Thus, among other vice-presidential activities, Mondale helped secure ratification of the Panama Canal treaties, played an important role in the negotiations leading to the Camp David Accords and traveled to China to help normalize relations; Bush undertook numerous foreign missions and helped influence policy with the U.S.S.R.; Quayle chaired the Competitiveness Council and was an important legislative emissary; Gore managed Clinton’s reinventing government initiative, handled environmental and telecommunications policy, and guided bilateral commissions with Russia, Egypt and South Africa; Cheney was an architect of policy regarding the war on terror, Iraq and energy; and Biden negotiated various budget deals with Republican leaders and managed the economic recovery plan and the Iraq disengagement.
There were, of course, differences among these White House vice presidents. Whereas Bush and Biden engaged in diplomacy all over the world, Quayle’s foreign missions were more targeted, with emphasis on Latin America and Japan, and Cheney’s were relatively rare. Whereas Mondale, Quayle and Biden did extensive work with Congress, Gore had little Capitol Hill presence. Whereas Bush, Quayle and Biden assumed a few line responsibilities for at least a term, Gore undertook many, most lasting for Clinton’s entire presidency, and Cheney generally avoided them even while being heavily engaged in central areas of Bush’s presidency. Whereas Bush and Gore devoted much of their second terms to running for president, Cheney said even before entering office that he would not run for president, and Biden ultimately decided against a run. Whereas Mondale, Quayle and Biden regularly gave political advice, Cheney apparently did not play that role.
Moreover, some vice presidents were more influential than others, depending on their skill, standing, relationship with the president and other governmental figures, and the need for their talents, among other factors.
Notwithstanding these differences, all six vice presidents since 1977 were integral to the White House. The persistence of this pattern through three Democratic and three Republican presidencies, each with different leadership structures and styles, suggests that this change in the vice presidency reflects an institutional change and isn’t simply the result of an idiosyncratic president or vice president.
Of course, the leadership style of a particular president, the limitations of a particular vice president or a lack of compatibility between the two could diminish a vice president’s role. Nonetheless, the current selection system offers incentives to choose a running mate to be a governing partner, not to carry a swing state in the election.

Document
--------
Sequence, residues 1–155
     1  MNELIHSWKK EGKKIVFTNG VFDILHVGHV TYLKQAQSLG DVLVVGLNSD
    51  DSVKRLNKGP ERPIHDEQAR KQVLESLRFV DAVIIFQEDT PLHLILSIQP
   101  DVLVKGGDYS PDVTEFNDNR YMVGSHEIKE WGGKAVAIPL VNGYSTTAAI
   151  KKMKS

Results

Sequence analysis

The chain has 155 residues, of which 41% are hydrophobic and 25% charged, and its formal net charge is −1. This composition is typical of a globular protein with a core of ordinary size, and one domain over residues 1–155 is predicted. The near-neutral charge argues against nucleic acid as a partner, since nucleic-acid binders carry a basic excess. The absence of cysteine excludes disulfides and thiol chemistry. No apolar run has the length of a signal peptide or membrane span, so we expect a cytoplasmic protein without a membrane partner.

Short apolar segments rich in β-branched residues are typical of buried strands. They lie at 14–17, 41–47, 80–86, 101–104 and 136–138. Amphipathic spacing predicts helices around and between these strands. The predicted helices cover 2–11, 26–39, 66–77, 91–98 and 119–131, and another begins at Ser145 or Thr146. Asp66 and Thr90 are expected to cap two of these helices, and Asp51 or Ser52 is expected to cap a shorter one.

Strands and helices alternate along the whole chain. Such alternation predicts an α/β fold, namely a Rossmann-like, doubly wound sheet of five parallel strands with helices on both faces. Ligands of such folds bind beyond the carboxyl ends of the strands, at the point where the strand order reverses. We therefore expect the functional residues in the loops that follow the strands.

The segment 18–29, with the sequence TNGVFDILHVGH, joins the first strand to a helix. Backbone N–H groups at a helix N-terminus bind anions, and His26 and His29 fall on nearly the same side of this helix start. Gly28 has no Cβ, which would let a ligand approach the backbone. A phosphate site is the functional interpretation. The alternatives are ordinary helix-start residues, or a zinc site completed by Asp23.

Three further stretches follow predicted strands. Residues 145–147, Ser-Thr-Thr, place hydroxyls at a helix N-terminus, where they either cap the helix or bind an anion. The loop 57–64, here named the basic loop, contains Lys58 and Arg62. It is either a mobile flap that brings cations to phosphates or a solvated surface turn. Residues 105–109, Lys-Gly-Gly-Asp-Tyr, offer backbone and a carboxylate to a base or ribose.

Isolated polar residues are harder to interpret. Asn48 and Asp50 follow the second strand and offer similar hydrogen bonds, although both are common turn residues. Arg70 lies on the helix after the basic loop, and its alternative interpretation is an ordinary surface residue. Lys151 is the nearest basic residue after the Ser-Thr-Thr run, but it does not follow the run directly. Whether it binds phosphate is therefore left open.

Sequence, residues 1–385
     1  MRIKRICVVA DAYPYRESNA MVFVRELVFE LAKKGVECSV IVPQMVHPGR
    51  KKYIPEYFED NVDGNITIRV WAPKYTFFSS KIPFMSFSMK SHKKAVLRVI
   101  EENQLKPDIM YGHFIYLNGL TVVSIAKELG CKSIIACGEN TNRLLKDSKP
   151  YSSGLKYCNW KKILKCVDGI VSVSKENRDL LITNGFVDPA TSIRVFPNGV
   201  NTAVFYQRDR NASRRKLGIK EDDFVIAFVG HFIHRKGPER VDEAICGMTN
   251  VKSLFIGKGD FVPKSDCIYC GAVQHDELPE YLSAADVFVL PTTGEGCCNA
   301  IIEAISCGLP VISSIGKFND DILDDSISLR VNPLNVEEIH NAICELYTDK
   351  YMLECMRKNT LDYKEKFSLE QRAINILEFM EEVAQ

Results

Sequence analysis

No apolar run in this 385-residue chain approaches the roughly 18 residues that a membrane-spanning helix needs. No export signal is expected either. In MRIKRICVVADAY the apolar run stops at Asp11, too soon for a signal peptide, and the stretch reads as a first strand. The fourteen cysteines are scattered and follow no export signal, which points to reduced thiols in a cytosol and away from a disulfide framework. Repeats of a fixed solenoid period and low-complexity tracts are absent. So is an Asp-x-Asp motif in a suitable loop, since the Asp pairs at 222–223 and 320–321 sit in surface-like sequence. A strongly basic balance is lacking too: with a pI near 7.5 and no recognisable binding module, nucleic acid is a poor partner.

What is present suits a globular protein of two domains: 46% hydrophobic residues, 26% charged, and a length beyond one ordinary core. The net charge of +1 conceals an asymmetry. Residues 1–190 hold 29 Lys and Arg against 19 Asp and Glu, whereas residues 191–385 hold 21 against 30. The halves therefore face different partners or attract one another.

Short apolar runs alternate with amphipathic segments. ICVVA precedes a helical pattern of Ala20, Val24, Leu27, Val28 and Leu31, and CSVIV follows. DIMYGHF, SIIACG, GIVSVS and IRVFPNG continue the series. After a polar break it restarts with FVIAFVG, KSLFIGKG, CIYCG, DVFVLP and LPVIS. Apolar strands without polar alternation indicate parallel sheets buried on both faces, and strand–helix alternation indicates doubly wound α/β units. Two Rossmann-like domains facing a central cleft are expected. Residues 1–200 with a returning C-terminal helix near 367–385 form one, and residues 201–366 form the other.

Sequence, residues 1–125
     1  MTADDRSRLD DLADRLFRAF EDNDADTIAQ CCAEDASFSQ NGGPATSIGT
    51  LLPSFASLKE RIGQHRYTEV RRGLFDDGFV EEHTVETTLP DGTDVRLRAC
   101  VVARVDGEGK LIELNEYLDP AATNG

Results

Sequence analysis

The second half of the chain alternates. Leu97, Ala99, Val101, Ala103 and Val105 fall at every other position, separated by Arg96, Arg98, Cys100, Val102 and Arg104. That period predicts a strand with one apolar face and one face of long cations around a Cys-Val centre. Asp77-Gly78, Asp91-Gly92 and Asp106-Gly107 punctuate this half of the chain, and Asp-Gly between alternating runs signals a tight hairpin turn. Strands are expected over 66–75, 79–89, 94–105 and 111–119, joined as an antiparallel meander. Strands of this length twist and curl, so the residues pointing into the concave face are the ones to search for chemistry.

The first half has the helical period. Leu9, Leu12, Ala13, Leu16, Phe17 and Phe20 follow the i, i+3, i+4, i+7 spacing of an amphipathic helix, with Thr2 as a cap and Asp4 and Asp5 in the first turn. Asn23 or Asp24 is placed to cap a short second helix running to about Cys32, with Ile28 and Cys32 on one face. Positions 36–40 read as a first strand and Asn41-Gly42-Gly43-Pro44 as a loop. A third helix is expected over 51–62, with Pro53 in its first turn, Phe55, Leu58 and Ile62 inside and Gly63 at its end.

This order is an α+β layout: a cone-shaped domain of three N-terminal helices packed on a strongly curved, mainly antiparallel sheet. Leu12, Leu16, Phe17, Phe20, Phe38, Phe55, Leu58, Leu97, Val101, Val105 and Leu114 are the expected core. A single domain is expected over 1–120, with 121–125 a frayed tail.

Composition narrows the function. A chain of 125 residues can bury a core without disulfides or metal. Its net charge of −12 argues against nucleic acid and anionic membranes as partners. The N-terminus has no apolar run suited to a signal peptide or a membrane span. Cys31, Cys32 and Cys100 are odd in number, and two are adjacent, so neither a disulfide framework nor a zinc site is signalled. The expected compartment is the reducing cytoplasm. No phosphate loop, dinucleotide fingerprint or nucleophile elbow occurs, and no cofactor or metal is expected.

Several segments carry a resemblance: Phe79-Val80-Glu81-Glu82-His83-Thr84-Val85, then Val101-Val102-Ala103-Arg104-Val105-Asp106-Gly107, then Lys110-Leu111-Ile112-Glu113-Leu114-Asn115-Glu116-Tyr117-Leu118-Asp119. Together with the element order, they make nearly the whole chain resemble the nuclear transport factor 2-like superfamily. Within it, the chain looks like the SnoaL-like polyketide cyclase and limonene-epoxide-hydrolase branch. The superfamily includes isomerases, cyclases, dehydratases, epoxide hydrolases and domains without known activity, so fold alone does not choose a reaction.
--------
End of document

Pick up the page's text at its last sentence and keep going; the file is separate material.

For one, the reliance on presidential primaries and caucuses identifies the nominee earlier, giving him or her more time to select a running mate. That increases the chances of a selecting someone compatible and raises the stakes of an improvident decision. The inevitability of a vice-presidential debate and current media technology increase the visibility of vice-presidential candidates.
The vast range of problems facing the presidency also continues to favor a vice president who can represent the nation abroad, oversee interdepartmental projects and handle other high-level assignments in addition to providing the president with the advice of a senior politician who has similar political interests.
The persistence of this more powerful vice presidency over 10 presidential terms has created new expectations about the vice president’s role. A president who evicted the vice president from the West Wing or refused to lunch with them each week or who otherwise excluded the second officer would create an embarrassing news story and squander an asset of the modern presidency.
The creation of the White House vice presidency has occurred during a 42-year period when no vice president has ascended to the presidency because of the president’s illness or death — the second-longest period in American history. Events like the assassination attempt on Ronald Reagan remind us of the vice president’s role as presidential successor.
But today, vice-presidential candidates must be presidential not because one may become president but rather because one will become vice president.
Joel K. Goldstein, the Vincent C. Immel Professor of Law at Saint Louis University School of Law, is the author of “The White House Vice Presidency: The Path to Significance, Mondale to Biden.”